I was going to throw in my two cents on what I thought of the whole Facebook privacy problem. But there has been so much discussion already about the issues online by people much more knowledable, credible and eloquent than me.
So I’ve decided to link to them instead.
But first, take a look for yourself to see what is publicly available from Facebook:
This is fun, scary, sad… and real.
Arguably, some of these people expose their statuses to the public because they are seeking attention.
But judging by the personal nature of some of the posts, can you honestly believe that every one of them explicitly chose to have everything there be so public?
Matt McKeon created an informative infographic on how the default privacy settings on Facebook have changed over the years, exposing more and more personal information to the public.
And the New York Times printed a graphic on the complexity of the privacy settings necessary to lock down your account.
But I think the most nuanced and considered analysis of the privacy issues associated with social networks like Facebook and Google Buzz was argued by social ethnographer Danah Boyd at SXSW 2010 this year in Austin.
Wired and The Guardian also have weighed in on the issue, as well security expert Joey Tyson.
So what can you do?
Security heavyweight Bruce Schneier warned that users of Facebook should stop thinking of themselves as FB’s customers, but rather as their product to be sold to advertisers.
As such, maybe people’s perceptions and expectations might change as well as their online behaviours. Maybe.
So what can you do about it?
Deleting your account is one option and some are considering social networking harakiri.
Some of the Technorati have already done so, including podcaster Leo Laporte, enterpreneur Jason Calacanis and blogger Peter Rojas.
“How do I delete my Facebook account” currently is one of Google’s top trending searches and “commit Facebook suicide” groups ironically are popping up within Facebook.
Switching networks is another option.
A new open-source social networking project called Diaspora* has secured over $173,000 in donations on Kickstarter from people looking for an alternative.
That people are willing to donate real money to a rag-tag team of four university students based simply on a lofty promise and vapourware speaks much to their dissatisfaction with current options.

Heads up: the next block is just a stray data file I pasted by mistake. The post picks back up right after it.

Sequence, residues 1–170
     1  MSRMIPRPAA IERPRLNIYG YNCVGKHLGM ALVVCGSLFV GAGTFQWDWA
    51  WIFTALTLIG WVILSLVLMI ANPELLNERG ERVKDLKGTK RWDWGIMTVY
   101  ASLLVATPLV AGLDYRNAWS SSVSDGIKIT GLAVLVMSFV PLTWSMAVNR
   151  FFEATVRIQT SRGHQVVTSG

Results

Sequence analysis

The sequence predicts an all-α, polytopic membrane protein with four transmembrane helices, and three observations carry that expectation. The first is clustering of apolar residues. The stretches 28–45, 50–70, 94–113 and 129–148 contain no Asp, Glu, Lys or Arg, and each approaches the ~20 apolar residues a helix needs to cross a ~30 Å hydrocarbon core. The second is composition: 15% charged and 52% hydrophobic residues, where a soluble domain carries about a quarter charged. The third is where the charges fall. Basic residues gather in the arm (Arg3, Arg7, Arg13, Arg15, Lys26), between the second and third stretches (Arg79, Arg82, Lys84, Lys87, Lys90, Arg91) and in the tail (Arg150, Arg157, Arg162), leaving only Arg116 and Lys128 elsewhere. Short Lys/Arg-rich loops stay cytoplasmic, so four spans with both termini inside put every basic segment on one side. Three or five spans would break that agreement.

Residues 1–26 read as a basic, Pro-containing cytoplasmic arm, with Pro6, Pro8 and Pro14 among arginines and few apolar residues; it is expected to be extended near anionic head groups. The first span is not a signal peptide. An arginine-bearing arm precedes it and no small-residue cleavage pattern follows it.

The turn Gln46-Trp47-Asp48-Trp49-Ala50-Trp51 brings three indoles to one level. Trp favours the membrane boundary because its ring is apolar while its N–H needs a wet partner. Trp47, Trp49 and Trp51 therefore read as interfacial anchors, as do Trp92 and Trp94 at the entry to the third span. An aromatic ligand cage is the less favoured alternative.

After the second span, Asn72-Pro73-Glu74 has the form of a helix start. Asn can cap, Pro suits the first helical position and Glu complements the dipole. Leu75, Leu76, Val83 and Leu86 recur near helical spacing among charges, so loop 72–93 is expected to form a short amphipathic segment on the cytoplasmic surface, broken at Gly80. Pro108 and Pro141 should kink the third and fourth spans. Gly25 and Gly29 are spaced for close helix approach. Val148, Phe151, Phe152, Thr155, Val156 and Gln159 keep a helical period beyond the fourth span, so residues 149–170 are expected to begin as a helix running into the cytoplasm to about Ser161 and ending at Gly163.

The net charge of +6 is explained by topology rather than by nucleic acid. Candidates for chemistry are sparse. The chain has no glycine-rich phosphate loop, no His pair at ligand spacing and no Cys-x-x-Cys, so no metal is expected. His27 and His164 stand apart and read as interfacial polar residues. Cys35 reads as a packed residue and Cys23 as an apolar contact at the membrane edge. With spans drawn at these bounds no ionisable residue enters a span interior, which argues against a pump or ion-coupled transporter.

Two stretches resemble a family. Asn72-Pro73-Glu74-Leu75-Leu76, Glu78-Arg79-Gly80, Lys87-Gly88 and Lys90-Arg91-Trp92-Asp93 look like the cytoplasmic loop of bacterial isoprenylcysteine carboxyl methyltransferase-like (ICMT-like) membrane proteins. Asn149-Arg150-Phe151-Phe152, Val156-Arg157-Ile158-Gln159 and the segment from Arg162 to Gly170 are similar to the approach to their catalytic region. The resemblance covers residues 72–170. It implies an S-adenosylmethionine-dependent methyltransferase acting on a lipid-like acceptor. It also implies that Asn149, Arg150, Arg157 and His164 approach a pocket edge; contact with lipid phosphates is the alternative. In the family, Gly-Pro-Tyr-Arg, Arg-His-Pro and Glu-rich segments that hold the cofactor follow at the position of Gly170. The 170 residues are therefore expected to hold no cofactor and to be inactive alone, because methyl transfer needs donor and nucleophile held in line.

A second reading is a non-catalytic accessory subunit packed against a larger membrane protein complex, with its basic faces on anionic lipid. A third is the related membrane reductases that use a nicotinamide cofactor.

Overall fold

Of course, MySpace, Orkut and Friendster all are still around, and loads of newer sites are popping up around the web. However, none have the giant user base that FB currently enjoys and that may not be changing for a while.
Internet blogger Nancy Baym blogged about why “despite herself, [she] is not leaving Facebook, yet”, and many people feel the same way.
But ultimately, as Danah Boyd writes, the issue with Facebook is not about "the future of privacy and publicity. It’s a battle over choice and informed consent.”
I agree completely. Obviously, there are some things that you don't mind sharing publicly-- this blog would be prime evidence of that.
It's not the public-ness of what I say that bothers me as much as it is the sense that my personal data is being exploited for purely commercial purposes.
For example, I don't mind telling people that I enjoy using Pandora or Pidgin (which I had previously "liked" on Facebook) but I feel objectified and exploited when that information is being used "demographicize" me as just a potential target for some other product. And it becomes especially creepy when that info is transmitted along with my name, my age, my location, and a list of my friends.
It will be a real shame if and when users start to leave FB. There's lots to dislike but it's an easy, free and friendly way to keep in touch with friends and acquaintances - especially those overseas. Use the privacy controls people; recognise FB's online and remember there's always someone watching. Don't add something for public consumption if you wouldn't be prepared to tape it to the wall outside your local tube station. Don't share silly amounts of data. But don't just let them scare you away.
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